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Darling Girl: A Novel of Peter Pan

Review

Darling Girl: A Novel of Peter Pan

We are all familiar with the boy who can never grow up. But what about the Darling family he left behind --- and his own feelings about them? Readers who love fractured fairy tales and urban mythology will appreciate Liz Michalski’s DARLING GIRL, a modern and darkly written retelling of PETER PAN.

Everyone knows the story of Wendy, the young girl who is banned from her childhood nursery, only to discover an innocent, mischievous boy who can promise her new adventures in a place where you never grow old, never hurt and never die. But if we’re being honest, that all sounds a bit too convenient, even for fairy tales. In the world of DARLING GIRL, there was indeed a Peter and a Wendy, and even a next generation of Darlings in Wendy’s daughter, Jane. But there’s also a Peter who is drawn not to innocence and naivety but to the loss of innocence, an emotional vampire whose blood of choice is Darling family dysfunction. And Wendy’s adult granddaughter, Holly, has more than her share of dysfunction.

"[I]t is in Michalski's writing of [the] supporting characters that she truly makes the lore her own, circumventing and upending everything you thought you knew and revealing her grasp of the classic story to be not only masterful, but also confident and clever."

When Holly’s twin sons were very young, a devastating car crash killed her husband and one of her sons. Although she birthed a daughter soon after, Eden was born with a rare disease that aged her at a rapid pace, which put her body in such distress that she could never recover from a childhood fall that put her in a coma. As a member of the well-known Darling family, made famous by J.M. Barrie’s classic book, Holly had to face each of these traumas in the spotlight, her tragedies being written under quippy and horrifying headlines. But she managed to keep one or two secrets herself, including the real identity of Eden’s father.

For years, Holly has been the lead scientist and public-facing persona of Darling Skin Care. By isolating restorative and powerful proteins in sea creatures, minerals and plants, she has revolutionized skin care, making a name for herself that stands almost as tall as her family lore. But her work also has allowed her to isolate the protein in her daughter’s blood that binds to damaged cells and restores them. In Eden, this means rapid aging, but in those without her rare illness, it means repairing breaks and filling patients with powerful antibodies.

No one knows this better than Holly, as she has been injecting her only living son with Eden’s blood for years to ensure he can live safely in a world that she knows all too well is full of danger. But there is no fall, no illness, no pesky zit as dangerous as her family’s constant companion: Peter Pan. So when her comatose daughter suddenly disappears from her family compound, along with several vials of her powerful blood, Holly knows the police aren’t necessary. Only she and her grandmother can find the man who took Eden: her father, Peter Pan. But they’ll need the help of a vigilante bounty hunter, Christopher Cooke (rhymes with Hook).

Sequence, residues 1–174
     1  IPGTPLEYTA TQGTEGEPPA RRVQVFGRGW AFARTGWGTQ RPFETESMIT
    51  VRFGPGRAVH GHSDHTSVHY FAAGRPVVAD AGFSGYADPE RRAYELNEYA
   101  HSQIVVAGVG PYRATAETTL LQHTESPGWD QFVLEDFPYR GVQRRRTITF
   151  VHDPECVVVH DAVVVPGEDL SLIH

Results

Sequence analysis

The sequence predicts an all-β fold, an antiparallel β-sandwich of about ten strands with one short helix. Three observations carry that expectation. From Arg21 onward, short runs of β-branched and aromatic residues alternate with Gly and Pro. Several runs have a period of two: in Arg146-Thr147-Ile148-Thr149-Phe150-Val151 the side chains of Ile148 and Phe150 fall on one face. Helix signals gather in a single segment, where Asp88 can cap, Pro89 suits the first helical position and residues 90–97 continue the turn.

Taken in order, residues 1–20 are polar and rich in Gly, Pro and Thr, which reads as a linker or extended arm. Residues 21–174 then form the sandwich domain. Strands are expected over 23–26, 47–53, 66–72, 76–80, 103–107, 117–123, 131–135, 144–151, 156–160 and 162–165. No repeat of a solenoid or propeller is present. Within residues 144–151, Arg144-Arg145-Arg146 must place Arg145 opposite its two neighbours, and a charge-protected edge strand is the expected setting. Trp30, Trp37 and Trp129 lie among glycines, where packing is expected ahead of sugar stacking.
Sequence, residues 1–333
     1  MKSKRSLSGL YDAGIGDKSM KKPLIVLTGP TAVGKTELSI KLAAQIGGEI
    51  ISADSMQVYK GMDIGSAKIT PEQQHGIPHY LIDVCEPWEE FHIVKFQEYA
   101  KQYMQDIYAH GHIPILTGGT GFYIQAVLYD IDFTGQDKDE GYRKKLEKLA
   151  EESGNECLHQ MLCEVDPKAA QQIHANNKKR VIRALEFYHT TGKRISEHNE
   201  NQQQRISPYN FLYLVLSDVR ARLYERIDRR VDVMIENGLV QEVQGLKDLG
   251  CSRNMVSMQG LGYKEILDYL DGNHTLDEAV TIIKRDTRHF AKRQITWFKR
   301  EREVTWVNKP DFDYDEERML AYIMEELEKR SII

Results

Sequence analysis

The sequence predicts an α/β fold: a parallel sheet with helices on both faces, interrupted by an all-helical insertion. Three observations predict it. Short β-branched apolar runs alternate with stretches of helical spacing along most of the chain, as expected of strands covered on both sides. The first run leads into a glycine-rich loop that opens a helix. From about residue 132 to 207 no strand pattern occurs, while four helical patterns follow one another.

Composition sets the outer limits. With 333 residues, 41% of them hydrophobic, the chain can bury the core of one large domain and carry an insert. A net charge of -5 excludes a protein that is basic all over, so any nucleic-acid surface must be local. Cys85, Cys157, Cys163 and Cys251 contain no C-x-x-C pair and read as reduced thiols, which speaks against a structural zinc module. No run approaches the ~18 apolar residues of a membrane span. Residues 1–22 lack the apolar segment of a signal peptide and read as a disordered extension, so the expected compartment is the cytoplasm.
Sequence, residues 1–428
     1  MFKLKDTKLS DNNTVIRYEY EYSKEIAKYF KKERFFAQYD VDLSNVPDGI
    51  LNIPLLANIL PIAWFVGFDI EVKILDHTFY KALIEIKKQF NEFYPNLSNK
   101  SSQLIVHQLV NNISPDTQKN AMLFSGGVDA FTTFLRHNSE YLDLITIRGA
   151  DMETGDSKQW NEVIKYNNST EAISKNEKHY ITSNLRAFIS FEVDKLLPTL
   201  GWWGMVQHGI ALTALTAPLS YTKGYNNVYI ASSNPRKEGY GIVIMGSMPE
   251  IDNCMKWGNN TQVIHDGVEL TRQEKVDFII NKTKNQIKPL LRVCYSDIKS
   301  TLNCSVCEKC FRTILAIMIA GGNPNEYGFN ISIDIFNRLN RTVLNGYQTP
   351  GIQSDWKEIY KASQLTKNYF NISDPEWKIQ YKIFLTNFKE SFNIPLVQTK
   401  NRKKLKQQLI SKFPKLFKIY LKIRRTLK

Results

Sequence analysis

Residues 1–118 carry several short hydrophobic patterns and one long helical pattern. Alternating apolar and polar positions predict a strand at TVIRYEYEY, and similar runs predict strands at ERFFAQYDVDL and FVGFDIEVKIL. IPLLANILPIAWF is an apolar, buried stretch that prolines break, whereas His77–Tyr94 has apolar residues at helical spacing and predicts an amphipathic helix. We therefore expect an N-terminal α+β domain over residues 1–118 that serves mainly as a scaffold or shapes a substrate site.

In order to find Eden and Peter, Holly will have to bury herself in Darling family lore, including the reasons why Peter seemed to favor Wendy and Holly while skipping over Jane entirely. As a young girl who rolled her eyes at her family’s claim to fame and came to hate and fear Peter, this means tapping into some serious inner fears and family secrets to get into the head of the mythological Peter. Can he really never grow older, or can he simply never grow up? Is his innocence truly naivety, or is it willful ignorance that doesn’t care who it hurts? As Holly tries to prove once and for all that Peter is a dangerous, powerful man with the whims of a boy, Jane embarks on her own journey to meet this “new” volatile Peter and go on her own awfully big adventure.

This is by no means an easy read, yet it has the same intoxicating pull as Neverland, particularly in Michalski’s portrayals of Jane, Captain Hook (a former army veteran who now delights in ridding the streets of drug dealers) and even Tinker Bell. Though her depiction of Holly can be shaky at times --- the backstory is all bad luck, no impact --- it is in Michalski's writing of these supporting characters that she truly makes the lore her own, circumventing and upending everything you thought you knew and revealing her grasp of the classic story to be not only masterful, but also confident and clever.

The resounding theme of the negative aspects of hero worship and the stories we tell to preserve the legacies of those least deserving hits its mark. The novel reaches a truly satisfying conclusion at the end, though I fear the more grotesque aspects may force readers to close the book on this story too soon.

Perfect for readers of THE CHARMED WIFE, HOW TO BE EATEN, and even young adult works like DOROTHY MUST DIE and CINDERELLA IS DEAD, DARLING GIRL is a strong and accomplished addition to the lore of Peter Pan. Just remember that he’s likely not the hero you think he is.

Reviewed by Rebecca Munro on June 4, 2022

Darling Girl: A Novel of Peter Pan
by Liz Michalski

  • Publication Date: May 3, 2022
  • Genres: Fiction, Magical Realism
  • Hardcover: 352 pages
  • Publisher: Dutton
  • ISBN-10: 0593185633
  • ISBN-13: 9780593185636